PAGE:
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Glasgow’s east end receives pre-Games facelift

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March 4 2014

Glasgow’s east end receives pre-Games facelift
Work to give Glasgow’s east end a pre-Commonwealth Games makeover has got underway with a £6.3m makeover for the area; including remodelled shop fronts, new public realm and investment in the Barras Market ahead of this summer’s event.

The Calton Barras Action Plan will see a new pocket park created on the site of the former Schipka Pass between London Road and the Gallowgate, prepared by Loci Design, with high quality granite paving being introduced on the High Street.

Liz Cameron, executive member for jobs and the economy at Glasgow City Council, said: “The plan will bring new jobs and a better environment to Calton and the Barras, and a sense of being better connected to the surrounding areas.

"What is especially pleasing is that from the very beginning local residents and businesses played a key role in the development of the plan, and will continue to do so as we work towards a bright future for this historic part of Glasgow."

7 Comments

Lee Ivett
#1 Posted by Lee Ivett on 5 Mar 2014 at 11:06 AM
I obviously whole heartedly support any initiatives that improve the public realm in a way that is positive and inclusive but I also can't help being slightly disappointed that as a city it's only when we invite the neighbours round that we bother to clean up the house
STW
#2 Posted by STW on 5 Mar 2014 at 13:37 PM
Absolutlely right Lee, it's great to see all these things like buildings being repaired/restored and landscaping of gap sites but should have happened long ago rather than being the run round with a duster before the guests arrive.
wonky
#3 Posted by wonky on 5 Mar 2014 at 14:14 PM
I find it almost incomprehensible that this gap site at Gallowgate has went undeveloped for so long- in what other major European city would we have such gaps in prime city centre locations? Developing out from the core has to be our primary objective & yet we do the reverse- I really can't understand it at all. The dysfunctional madness of the British way of life ( car centric suburban sprawl- private capital shaping the paucity of social policy we do have- generic Hollywoodization of culture- over reliance on City of London financialized capitalism etc) might have a competing alternative meta narrative on it's door step very soon ( if Independence does happen)- the current milieu may change under such circumstances.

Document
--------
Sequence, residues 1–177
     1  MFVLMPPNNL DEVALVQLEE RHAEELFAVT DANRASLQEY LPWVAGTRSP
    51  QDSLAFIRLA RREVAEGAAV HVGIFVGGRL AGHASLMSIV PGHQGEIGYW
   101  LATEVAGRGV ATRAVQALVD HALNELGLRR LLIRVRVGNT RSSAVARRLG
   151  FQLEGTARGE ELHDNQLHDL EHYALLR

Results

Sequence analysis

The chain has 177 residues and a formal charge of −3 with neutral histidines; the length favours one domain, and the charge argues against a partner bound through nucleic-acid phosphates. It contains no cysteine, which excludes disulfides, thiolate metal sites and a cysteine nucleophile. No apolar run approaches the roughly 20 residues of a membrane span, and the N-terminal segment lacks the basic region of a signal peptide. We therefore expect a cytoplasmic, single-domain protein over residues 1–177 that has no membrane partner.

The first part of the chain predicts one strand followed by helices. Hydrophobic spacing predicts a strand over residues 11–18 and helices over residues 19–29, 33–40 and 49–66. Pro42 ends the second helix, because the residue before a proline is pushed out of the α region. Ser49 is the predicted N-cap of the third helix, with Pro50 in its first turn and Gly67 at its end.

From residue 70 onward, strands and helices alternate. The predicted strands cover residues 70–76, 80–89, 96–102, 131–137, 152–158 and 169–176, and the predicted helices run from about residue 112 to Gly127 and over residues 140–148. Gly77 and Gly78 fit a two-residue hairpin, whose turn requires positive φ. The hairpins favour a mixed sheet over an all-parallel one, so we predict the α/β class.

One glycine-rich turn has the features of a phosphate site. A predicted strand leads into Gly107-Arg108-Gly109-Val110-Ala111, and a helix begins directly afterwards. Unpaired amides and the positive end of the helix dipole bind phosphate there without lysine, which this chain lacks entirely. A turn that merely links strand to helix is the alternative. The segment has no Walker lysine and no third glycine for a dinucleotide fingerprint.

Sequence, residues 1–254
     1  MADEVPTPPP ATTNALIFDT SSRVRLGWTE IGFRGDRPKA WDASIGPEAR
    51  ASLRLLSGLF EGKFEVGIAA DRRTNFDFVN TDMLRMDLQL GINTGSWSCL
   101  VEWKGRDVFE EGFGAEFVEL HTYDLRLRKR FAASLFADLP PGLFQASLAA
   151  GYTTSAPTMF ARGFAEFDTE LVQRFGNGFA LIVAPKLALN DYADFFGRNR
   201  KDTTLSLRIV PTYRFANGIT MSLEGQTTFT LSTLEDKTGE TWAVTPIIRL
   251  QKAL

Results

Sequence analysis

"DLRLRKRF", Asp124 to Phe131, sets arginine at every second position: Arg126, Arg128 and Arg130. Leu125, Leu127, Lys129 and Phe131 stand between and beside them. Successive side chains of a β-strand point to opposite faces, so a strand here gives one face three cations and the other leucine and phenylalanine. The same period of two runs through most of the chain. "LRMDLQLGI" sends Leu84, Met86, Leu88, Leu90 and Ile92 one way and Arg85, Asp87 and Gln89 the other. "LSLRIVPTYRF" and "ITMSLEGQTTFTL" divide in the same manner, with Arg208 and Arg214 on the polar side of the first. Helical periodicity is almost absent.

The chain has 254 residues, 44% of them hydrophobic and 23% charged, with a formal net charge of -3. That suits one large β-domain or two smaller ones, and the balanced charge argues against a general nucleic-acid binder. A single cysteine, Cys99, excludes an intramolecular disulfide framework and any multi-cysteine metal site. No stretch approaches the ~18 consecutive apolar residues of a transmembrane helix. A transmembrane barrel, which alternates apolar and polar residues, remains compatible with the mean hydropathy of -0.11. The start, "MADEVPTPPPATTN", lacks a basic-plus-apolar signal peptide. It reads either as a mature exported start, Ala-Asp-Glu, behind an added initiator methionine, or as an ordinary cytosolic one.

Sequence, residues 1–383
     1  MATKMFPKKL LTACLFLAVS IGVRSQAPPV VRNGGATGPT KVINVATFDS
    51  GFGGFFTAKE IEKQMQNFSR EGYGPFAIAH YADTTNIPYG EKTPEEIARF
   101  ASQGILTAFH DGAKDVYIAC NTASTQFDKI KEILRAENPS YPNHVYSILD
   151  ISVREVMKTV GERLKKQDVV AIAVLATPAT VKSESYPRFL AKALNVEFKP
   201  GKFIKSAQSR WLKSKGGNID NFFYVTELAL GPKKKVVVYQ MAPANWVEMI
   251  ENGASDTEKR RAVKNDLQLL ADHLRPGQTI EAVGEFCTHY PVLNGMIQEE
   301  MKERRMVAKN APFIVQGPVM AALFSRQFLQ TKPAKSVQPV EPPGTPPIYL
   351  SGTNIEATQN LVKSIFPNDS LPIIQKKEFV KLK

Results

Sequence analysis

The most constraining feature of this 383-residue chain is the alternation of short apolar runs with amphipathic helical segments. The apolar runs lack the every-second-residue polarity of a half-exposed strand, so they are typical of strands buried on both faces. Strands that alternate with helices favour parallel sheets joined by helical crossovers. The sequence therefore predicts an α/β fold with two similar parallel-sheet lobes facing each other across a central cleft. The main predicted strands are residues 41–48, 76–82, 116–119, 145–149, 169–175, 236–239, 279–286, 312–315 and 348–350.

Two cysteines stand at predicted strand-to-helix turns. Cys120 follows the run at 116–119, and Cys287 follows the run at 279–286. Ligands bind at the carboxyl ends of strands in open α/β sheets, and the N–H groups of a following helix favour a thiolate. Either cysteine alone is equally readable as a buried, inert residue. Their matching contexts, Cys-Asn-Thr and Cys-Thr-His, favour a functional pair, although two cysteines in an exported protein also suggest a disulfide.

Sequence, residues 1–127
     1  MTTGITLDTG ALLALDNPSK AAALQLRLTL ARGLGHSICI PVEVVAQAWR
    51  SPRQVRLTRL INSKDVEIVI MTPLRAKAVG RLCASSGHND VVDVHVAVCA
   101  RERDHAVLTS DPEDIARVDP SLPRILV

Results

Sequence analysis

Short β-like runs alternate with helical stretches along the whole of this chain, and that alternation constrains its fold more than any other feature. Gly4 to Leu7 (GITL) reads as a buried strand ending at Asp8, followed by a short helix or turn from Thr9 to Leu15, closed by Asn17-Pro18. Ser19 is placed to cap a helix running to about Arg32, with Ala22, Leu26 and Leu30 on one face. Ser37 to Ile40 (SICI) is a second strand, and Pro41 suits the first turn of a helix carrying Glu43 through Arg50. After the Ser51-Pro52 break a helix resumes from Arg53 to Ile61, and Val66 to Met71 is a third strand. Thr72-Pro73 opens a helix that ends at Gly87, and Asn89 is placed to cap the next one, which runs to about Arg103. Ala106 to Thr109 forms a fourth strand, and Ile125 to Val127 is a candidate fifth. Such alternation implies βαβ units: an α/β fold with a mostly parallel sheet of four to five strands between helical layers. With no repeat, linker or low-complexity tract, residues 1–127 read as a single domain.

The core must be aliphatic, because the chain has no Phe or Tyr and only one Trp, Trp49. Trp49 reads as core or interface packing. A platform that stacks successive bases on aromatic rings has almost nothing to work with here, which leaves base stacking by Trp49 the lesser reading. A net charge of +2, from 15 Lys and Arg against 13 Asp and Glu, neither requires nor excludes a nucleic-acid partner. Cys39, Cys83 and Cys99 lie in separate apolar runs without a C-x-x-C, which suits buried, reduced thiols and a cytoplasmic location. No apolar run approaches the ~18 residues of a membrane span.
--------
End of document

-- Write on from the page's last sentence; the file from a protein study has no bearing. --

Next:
But still it's positive to see these changes taking place in an area where it's long overdue- GCC has a whole load of penance to get through for it's past sins in the East End.
Sven
#4 Posted by Sven on 5 Mar 2014 at 17:15 PM
Gallowgait is hardly prime 'city centre location' Wonky. It has been down at heel for almost 200 years. I am going to be very dour and say that the proposed design is poor as does not reflect local conditions (Glasgow gets over 1200mm of rain per year - so where are you supposed to stand when it does rain?), stepping the park down is just going to cause drainage issues, the steps look like they are made out of grass (note in rain walking on the grass quickly turns it into mud) and it stays damp. The central 'benches' are not benches but planters...so where do you sit? Those granite looking benches at the edges?
wonky
#5 Posted by wonky on 5 Mar 2014 at 18:00 PM
Maybe you misunderstand me: this ought to be a prime city centre location ( & would be in any other European city)- this site has massive potential- if people can't see that then I truly despair. I just hope the park is a temporary solution for a vital permanent piece of the jigsaw for the regeneration of that whole area.
brian
#6 Posted by brian on 5 Mar 2014 at 22:16 PM
Its good news.As long as they don't use community service to do the work. And cant help but think if the cross station was reopened or hub stn,It would help sustain regeneration in that whole area as well as saltmarket high st etc trongate.Its a start.
Robert
#7 Posted by Robert on 18 Oct 2015 at 11:34 AM
Well thats a year and a half down the line, and the first thing I would say is that it certainly does not reflect the planning application or all the nice drawings. Yes, it is a great improvement, but only a sticking plaster. The actual development of this was shoddy and poor, The grass doesnt grow due to the turf just being placed on the rubble rather than soil. Floods during the rainy season and all the nice outside furniture that was part of the plan has never showed up. GCC spent £700,000 on this and now trying to sell off the land . What a legacy...

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